Resume Waste BasketLaszlo Bock, SVP, People Operations at Google says that they receives as many as 50,000 resumes in a single week. He sees the same mistakes made again and again by candidates, any one of which can eliminate them from consideration for a job. The problem is that, in a fiercely competitive labor market, hiring managers don’t need to compromise on quality.

Here are his top 5 mistakes and how to correct them:

Mistake 1: Typos.
Watch for subject and verb agreement, punctuation, and date alignment. Employers interpret “typos” as a lack of detail-orientation and a failure to care about quality. Do this: Read your resume from bottom to top: reversing the normal order helps you focus on each line in isolation. Or have someone else proofread closely for you.

Mistake 2: Length.
A three or four or ten page resume simply won’t get read closely. A crisp, focused resume demonstrates an ability to synthesize, prioritize, and convey the most important information about you. The purpose of a resume is to get you an interview. Do this: Edit your resume if it is too long. A good rule of thumb is one page of resume for every ten years of work experience.

Mistake 3: Formatting. Formatting can get garbled when moving across platforms. Saving it as a PDF is a good way to go. Unless you’re applying for a job such as a designer or artist, your focus should be on making your resume clean and legible as follows: At least ten point type, half-inch margins, white paper, black ink, consistent spacing, aligned columns and your contact information should be on every page. Do this: View your resume on several platforms, such as Google Docs and Word, and then attach it to an email and open it as a preview. Your resume should be as “machine” readable as possible.

Mistake 4: Confidential information. Do not provide or allude to any confidential information. This signals to an employer should not hire this candidate … unless they would like their trade secrets made available to competitors. Do this: Use the New York Times test: if you wouldn’t want to see it on the home page of the NYT with your name attached (or if your boss wouldn’t!), don’t put it on your resume.

Mistake 5: Lies. Even CEOs, get fired for this.
Don’t do this: Some of the common lies are degrees, GPAs (rounding up), schools attended, tenure with companies, team size, sales results, etc. Hiring managers are looking for the best people they can find. Avoiding these mistakes make you stand out.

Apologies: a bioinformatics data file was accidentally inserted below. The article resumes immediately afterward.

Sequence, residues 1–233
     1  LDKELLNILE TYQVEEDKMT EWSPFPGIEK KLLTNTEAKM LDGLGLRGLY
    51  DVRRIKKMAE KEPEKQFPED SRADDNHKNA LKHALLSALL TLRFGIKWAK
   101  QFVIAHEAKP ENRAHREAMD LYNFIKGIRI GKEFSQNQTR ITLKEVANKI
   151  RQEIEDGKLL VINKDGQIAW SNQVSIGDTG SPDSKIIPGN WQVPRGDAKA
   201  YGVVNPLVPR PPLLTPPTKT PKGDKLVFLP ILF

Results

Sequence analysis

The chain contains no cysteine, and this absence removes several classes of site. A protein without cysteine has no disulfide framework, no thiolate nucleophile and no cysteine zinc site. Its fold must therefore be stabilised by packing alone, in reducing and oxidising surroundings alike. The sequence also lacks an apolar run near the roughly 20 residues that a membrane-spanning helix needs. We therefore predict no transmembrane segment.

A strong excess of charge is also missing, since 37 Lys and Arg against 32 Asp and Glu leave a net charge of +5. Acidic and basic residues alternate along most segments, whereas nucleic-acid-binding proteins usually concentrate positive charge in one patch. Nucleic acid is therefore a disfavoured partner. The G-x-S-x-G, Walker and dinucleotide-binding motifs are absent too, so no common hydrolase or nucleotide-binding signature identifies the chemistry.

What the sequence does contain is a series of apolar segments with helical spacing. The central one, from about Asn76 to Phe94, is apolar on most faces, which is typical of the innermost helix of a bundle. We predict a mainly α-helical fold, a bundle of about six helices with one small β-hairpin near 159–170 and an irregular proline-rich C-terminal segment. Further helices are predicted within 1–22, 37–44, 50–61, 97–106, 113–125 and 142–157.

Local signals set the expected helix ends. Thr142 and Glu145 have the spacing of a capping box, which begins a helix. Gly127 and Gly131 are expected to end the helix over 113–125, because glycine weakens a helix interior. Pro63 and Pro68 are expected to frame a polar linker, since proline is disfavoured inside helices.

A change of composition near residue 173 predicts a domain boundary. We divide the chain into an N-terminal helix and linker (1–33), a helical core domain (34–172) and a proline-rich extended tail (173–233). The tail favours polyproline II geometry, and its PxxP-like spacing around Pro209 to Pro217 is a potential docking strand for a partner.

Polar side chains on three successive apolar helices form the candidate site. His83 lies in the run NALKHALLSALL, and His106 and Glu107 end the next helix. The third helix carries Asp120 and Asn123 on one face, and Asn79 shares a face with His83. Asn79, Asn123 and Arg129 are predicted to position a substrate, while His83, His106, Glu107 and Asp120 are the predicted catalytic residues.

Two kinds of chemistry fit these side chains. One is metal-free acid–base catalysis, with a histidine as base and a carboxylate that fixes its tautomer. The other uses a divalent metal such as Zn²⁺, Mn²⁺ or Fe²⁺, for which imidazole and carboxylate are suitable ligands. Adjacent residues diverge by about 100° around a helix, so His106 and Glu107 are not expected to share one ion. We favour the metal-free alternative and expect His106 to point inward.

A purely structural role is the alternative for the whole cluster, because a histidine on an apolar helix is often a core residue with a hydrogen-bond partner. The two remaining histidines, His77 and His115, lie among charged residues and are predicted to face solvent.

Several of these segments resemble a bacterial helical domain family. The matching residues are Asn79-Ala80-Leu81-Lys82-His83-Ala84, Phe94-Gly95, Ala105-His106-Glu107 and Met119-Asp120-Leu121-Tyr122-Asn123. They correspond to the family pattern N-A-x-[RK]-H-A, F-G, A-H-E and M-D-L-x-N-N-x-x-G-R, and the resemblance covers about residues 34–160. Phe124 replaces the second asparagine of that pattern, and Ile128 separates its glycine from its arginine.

Gavin Redelman offers this advice:

A. Your resume will probably be reviewed for less than 30 seconds. Including a qualifications profile at the beginning of your resume is a fantastic way of grabbing the reader’s attention. Focus your attention on the skills that you can offer the company as opposed to what you are looking for in a job.

B. Most templates are old-fashioned and will not be read by “Automated Recruiting Software”, especially if they have boxes and tables. An experienced hiring manager can sniff out a resume template from a mile away and can portray an initial first impression of being lazy and lacking initiative and professionalism.

C. Do not apply for multiple jobs using the same resume because it will be too generic. Target your resume toward every job you apply for. Ensure that when a recruiter or employer reads through your resume that it is written specifically for the position you are applying for.

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James E. McClain is the author of Successful Career Development: A Game Plan, the book upon which some of our training programs are based. He has over 30 years' experience as a corporate HR executive, small business owner with ongoing experience in career development and as a college instructor. His educational background includes a B.S. and Masters degrees Education and Certification in Financial Planning. Our promise is that "you can pay more for training but you can not buy better training." The mission is to deliver the most effective and cost effective training and development programs.

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